Nectar in a Sieve
How we cite our quotes:
To the children I handed out two annas apiece, to be spent on fireworks. I had never been able to do so before -- in previous years we had contented ourselves with watching other people's fireworks, or with going down to the bonfire in the village, and even now I felt qualms about wasting money on such quickly spent pleasures; but their rapturous faces overcame my misgivings. It is only once, I thought, a memory. (10.1.)
Ruku is usually very frugal, so her decision to spend on a little extravagance is quite meaningful. It’s a reminder of what it really means to be in poverty, and it helps the reader to see the characters as more than archetypes of people living in dire poverty, anonymous faces crowded together in food lines at refugee camps. Poverty is about worrying how you’ll provide simple necessities for your family. This is why things that are small, like fireworks or the dum-dum cart, are so meaningful. Though they seem like nothing, they come at great costs.
"What is it that calls you?" I said. "Is it gold? Although we have none, remember that money isn’t everything."
"It is an important part of living," he answered me patiently, "and work is another. There is nothing for us here, for we have neither the means to buy land nor to rent it." (12.50)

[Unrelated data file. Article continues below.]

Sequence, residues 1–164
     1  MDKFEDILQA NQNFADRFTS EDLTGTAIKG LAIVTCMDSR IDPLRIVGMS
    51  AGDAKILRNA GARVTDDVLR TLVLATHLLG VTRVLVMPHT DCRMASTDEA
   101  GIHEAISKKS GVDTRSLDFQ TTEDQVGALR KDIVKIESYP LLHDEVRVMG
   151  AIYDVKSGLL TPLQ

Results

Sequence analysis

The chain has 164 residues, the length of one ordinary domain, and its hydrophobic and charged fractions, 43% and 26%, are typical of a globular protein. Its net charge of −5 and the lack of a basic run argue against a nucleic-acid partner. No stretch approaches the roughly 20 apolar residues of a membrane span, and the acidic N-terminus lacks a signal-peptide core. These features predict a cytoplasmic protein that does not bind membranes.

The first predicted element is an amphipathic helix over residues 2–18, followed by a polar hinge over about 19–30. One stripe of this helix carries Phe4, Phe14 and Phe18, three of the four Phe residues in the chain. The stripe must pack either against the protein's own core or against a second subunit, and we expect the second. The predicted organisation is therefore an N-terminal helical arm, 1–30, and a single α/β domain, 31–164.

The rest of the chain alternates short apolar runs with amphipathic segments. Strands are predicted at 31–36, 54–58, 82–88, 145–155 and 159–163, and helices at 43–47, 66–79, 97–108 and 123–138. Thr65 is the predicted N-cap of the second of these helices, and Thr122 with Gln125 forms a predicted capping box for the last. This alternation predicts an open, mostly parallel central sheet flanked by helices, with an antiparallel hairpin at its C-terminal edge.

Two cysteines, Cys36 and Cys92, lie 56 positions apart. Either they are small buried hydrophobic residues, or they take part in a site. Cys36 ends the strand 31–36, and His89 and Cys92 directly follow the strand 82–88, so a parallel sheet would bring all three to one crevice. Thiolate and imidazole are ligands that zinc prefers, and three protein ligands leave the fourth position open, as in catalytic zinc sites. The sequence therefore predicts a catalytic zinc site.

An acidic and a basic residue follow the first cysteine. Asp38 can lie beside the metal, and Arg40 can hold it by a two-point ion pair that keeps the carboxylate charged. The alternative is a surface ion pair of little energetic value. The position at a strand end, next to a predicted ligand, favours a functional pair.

Ruku has resigned herself to living in poverty, and she says it’s because she’s come around to realizing that money isn’t everything. From her narrative, we know she enjoys living on the land, and she gets her pleasure from it. Her sons, by contrast, show no such proclivity for the land. Because they do they not share her pleasure in the land, they don’t share her comfort with the consequent poverty of living on the land.
At one time there had been kingfishers here, flashing between the young shoots for our fish; and paddy birds; and sometimes, in the shallower reaches of the river, flamingoes, striding with ungainly precision among the water reeds, with plumage of a glory not of this earth. Now birds came no more, for the tannery lay close—except crows and kites and such scavenging birds, eager for the town’s offal… (12.63)
Poverty is bigger than just economic poverty. The novel mainly focuses on the financial troubles of Ruku’s family caused by the tannery, but the tannery’s impact is even greater. The land has been robbed and become poverty-stricken by the tannery’s actions. The birds are gone, the water is polluted, a stench pervades the town – ultimately the landscape suffers as irrevocably as the people.